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Farmers Union demand revival of fallowed Aweil Rice Scheme

Author: Emmanuel Akile | Published: Friday, June 3, 2022

View of part of the Aweil Rice Scheme in Northern Bahr El Ghazal State. |31st May 2022. |Credit: Emmanuel J. Akile/Eye Radio.

The farmers in Northern Bahr el Ghazal State are calling on both the national and state governments to revive the defunct Aweil rice scheme project.

They said the step will help boost food security in the country.

The Aweil Rice Scheme is a national project established by the Sudanese government in Northern Bahr El Ghazal, during the British rule in the late 1940’s.

It is the biggest rice farm in the country so far, stretching over about 11,000 hectares.

However, since the South Sudan government inherited the scheme by default, the production has been crippled and only 3,000 hectares are being cultivated.

Joseph Gar Akot is the Deputy Chairperson of the Aweil Rice Scheme Farmer’s Union.

He said factors such as floods, lack of tractors and irrigation system are the major factors hindering the production of rice in the area.

“What has been destroying this rice scheme project here is water, we don’t have the capacity to control it and we cannot even fix this problem. The rice farming is very poor here compared to previous years,” Gar said in an Eye Radio interview.

He also stated that farmers complain of poor management of the scheme by the government and cited a delay in starting the annual cultivation.

“We don’t have generators, we don’t have tractors, and we also don’t have enough seeds. We need both the national and state governments to come here and support us, we are tired here,” he added.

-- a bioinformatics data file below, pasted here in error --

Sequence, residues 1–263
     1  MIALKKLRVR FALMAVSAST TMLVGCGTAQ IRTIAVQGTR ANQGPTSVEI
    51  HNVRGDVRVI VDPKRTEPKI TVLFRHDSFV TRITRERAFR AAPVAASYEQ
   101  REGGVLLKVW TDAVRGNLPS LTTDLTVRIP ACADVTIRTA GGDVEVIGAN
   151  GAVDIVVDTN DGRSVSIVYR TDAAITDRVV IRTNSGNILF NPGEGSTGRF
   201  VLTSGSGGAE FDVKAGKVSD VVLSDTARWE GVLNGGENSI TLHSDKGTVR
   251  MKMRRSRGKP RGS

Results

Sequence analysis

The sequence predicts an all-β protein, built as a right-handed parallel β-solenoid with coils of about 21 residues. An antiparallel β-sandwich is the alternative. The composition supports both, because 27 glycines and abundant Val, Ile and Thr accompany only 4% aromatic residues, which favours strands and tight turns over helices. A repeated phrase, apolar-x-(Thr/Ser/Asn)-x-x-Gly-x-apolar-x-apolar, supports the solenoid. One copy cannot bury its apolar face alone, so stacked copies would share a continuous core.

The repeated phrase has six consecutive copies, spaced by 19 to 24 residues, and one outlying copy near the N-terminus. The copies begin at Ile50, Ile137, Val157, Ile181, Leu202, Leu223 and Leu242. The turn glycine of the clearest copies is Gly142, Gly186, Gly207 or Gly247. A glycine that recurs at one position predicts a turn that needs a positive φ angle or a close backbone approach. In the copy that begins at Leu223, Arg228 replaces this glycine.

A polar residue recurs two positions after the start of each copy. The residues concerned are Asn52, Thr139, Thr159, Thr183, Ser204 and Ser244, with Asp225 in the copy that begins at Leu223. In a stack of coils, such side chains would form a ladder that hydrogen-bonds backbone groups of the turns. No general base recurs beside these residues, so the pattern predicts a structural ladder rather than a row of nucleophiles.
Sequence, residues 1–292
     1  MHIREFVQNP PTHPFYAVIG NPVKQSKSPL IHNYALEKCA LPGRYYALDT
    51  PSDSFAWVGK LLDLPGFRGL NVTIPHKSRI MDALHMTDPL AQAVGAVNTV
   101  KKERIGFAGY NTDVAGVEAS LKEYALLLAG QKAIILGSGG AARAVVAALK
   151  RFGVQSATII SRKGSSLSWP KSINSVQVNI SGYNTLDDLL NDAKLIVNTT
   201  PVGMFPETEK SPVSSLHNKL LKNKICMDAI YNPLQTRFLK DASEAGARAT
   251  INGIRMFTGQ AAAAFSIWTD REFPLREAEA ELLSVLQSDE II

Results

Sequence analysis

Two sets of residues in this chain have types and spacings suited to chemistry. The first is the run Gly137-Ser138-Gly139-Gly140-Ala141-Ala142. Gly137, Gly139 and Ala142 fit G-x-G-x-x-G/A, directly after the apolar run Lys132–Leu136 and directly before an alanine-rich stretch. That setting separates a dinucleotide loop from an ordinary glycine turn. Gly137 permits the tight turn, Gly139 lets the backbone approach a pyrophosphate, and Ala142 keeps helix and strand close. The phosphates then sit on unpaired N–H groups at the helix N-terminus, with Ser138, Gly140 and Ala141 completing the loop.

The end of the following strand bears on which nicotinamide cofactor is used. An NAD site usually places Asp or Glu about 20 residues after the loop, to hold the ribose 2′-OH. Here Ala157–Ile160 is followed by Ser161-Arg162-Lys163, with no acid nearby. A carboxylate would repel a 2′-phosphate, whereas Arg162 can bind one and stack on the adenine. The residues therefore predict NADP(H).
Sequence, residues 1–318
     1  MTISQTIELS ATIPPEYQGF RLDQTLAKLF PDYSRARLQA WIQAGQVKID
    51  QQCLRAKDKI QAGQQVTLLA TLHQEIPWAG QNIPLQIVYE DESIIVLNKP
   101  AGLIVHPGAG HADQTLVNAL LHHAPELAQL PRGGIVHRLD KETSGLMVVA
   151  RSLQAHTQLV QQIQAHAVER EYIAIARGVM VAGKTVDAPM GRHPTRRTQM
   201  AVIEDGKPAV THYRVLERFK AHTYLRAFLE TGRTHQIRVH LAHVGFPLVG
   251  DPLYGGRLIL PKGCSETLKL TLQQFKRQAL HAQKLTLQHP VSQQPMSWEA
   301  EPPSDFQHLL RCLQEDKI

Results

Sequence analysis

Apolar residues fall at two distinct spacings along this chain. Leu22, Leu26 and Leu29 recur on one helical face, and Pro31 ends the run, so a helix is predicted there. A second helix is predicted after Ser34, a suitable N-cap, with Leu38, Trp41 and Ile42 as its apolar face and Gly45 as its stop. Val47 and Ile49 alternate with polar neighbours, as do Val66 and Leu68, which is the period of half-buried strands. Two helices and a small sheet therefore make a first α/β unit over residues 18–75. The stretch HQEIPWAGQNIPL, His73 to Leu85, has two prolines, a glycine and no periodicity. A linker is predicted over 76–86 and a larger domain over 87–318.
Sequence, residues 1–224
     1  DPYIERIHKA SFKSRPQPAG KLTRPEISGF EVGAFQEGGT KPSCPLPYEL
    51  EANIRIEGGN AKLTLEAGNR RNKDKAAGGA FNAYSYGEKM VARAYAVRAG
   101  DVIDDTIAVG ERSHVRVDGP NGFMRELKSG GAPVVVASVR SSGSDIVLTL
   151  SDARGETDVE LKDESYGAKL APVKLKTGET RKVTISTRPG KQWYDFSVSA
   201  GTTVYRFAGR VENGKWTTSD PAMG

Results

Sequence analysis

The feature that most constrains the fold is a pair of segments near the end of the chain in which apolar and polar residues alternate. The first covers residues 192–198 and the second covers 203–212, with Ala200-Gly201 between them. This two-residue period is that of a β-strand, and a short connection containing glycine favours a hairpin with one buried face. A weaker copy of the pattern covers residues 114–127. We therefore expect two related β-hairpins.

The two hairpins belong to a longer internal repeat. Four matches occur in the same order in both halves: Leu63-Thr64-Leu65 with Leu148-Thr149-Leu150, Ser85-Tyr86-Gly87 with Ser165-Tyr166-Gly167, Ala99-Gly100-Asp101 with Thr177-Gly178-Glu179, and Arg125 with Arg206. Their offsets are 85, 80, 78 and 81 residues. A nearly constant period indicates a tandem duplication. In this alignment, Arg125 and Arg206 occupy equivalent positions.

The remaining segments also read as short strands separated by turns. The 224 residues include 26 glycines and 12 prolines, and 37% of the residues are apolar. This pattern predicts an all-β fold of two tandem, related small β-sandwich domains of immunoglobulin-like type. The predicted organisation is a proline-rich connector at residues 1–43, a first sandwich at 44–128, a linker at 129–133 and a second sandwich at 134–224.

In 2012, the German-based humanitarian agency, GIZ which provided funds for the scheme pulled out, leaving it to be funded by the government.

Farmers in the scheme reportedly take up to a month to harvest three thousand fedans due to the lack of enough workers and tools.

“The project has stalled because of lack of support, we don’t have generators and the irrigation system is destroyed. We want the government to fix this problem, we are in the rainy season but we cannot farm, we are using our hands to cultivate, no machines here,” pleaded another local farmer called Garang Wel.

Wel also called on the government to revive the rice scheme project by providing logistical support.

“The last time we had good harvest of rice was between 2006 to 2008. We farmed last year but it failed because of floods. We need the government and partners to fix the canal and improve the irrigation system so that we can farm in large quantity, this is our appeal.”

The farmers’ union went on to say many of their members left the farming activity due to lack of support and tools to keep the rice scheme going.

In April this year, a team from the national ministry of agriculture visited the project in an attempt to start ploughing the Aweil Rice Scheme.

The delegation including senior officials from the Food and Agriculture Organization, UNMISS and the African Development Bank announced plans to revive the historic scheme.

“Right at this very moment, there are 8.9 million people who are hungry across the country. We must do everything in our power to ensure that this dire scenario changes for the better,” said Deputy UNMISS Chief Ms. Sara Beysolow Nyanti.

There were more than 1,500 rice cooperative farmers in the area.

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